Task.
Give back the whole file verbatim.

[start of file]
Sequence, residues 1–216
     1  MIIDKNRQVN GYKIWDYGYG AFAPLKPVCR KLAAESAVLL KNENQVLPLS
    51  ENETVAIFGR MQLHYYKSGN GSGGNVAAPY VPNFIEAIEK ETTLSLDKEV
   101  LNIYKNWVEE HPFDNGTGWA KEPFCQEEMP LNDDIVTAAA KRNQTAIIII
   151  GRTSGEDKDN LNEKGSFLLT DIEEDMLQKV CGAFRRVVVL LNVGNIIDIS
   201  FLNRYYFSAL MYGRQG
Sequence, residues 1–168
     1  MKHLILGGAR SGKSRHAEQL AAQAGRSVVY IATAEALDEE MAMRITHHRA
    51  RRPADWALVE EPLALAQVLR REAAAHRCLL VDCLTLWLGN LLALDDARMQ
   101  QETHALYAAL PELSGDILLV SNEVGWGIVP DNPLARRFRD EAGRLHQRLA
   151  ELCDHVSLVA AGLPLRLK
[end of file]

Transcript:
Sequence, residues 1–216
     1  MIIDKNRQVN GYKIWDYGYG AFAPLKPVCR KLAAESAVLL KNENQVLPLS
    51  ENETVAIFGR MQLHYYKSGN GSGGNVAAPY VPNFIEAIEK ETTLSLDKEV
   101  LNIYKNWVEE HPFDNGTGWA KEPFCQEEMP LNDDIVTAAA KRNQTAIIII
   151  GRTSGEDKDN LNEKGSFLLT DIEEDMLQKV CGAFRRVVVL LNVGNIIDIS
   201  FLNRYYFSAL MYGRQG
Sequence, residues 1–168
     1  MKHLILGGAR SGKSRHAEQL AAQAGRSVVY IATAEALDEE MAMRITHHRA
    51  RRPADWALVE EPLALAQVLR REAAAHRCLL VDCLTLWLGN LLALDDARMQ
   101  QETHALYAAL PELSGDILLV SNEVGWGIVP DNPLARRFRD EAGRLHQRLA
   151  ELCDHVSLVA AGLPLRLK